DVD Review King of California serves as a platform for Michael Douglas' considerable comedic talents.
King of California
Charlie (Michael Douglas) is a mentally ill deadbeat fresh out of hospital. He emerges from the nuthouse, mad-eyed, bushy-bearded and bent on finding some Spanish Conquistadors' loot, which he believes lies buried beneath Costco. His teenaged daughter, Miranda (Evan Rachel Wood), wearily accepts him back into her life and agrees to help. As is the case with most "treasure hunt" capers, the plot is wafer-thin and predictable, but Douglas' performance keeps it afloat and the story bounces along at a healthy pace. Sadly, thanks to the patchy screenplay ("Time to get on that old bipolar pony and ride", says Miranda as she welcomes her father home), we feel surprisingly little for the main characters; Charlie is too infuriating to be endearing and Miranda is either bored or furious. The tone of the film is also perplexing: one minute it's a comedy (Miranda at a wrinkly swingers barbecue) the next, a dark portrayal of mental illness (Charlie hanging from the chandelier). King of California serves as a platform for Douglas' considerable comedic talents, but if it's treasure hunts you're after, The Goonies can't be beat.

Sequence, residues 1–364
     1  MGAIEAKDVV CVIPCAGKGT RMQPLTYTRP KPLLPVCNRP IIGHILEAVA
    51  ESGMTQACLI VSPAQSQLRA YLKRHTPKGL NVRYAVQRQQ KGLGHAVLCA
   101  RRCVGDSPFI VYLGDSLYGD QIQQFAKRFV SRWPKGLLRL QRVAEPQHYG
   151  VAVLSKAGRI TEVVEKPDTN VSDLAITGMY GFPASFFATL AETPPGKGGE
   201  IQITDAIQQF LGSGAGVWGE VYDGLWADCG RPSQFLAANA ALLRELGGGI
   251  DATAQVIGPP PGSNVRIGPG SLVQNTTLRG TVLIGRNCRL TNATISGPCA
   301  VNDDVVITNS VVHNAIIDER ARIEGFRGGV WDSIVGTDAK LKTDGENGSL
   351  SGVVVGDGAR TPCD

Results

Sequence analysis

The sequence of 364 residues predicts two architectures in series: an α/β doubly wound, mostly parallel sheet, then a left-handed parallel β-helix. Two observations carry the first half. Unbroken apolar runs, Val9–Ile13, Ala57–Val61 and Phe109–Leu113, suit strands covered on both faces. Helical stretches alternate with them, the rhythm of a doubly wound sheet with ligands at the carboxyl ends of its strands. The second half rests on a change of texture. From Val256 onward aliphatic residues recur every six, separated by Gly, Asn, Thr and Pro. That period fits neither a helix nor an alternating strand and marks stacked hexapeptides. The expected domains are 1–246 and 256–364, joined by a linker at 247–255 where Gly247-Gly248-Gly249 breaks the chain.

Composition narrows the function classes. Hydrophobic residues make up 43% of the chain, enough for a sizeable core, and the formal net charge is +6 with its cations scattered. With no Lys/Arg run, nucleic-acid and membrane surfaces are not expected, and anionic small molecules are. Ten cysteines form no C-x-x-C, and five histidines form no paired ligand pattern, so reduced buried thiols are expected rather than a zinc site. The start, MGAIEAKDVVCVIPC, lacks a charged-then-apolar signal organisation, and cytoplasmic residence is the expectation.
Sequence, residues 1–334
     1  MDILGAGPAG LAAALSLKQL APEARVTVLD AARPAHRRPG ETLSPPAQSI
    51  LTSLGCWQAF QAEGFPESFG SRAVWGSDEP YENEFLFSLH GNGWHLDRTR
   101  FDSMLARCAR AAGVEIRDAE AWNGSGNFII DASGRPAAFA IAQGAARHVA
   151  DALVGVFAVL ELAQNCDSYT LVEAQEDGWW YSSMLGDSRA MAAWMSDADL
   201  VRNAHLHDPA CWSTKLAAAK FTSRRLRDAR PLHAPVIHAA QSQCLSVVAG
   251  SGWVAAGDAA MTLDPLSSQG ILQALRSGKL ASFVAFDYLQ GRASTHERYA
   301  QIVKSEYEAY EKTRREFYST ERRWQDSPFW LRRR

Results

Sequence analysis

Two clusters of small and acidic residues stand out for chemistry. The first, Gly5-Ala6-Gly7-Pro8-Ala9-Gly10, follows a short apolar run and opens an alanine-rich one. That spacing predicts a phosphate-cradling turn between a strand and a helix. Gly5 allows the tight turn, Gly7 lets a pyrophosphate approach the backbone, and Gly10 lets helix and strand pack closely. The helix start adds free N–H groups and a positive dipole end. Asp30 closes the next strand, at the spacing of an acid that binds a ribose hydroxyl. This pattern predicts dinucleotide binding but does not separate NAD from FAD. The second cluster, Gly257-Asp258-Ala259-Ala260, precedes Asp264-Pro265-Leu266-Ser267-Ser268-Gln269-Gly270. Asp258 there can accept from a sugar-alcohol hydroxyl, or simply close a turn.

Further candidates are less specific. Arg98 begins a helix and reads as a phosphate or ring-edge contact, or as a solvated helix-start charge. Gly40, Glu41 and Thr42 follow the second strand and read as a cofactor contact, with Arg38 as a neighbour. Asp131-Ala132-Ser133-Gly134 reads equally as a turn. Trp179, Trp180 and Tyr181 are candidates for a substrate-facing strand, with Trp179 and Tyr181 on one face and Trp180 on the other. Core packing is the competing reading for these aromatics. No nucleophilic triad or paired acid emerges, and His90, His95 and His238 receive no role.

* Katie Boucher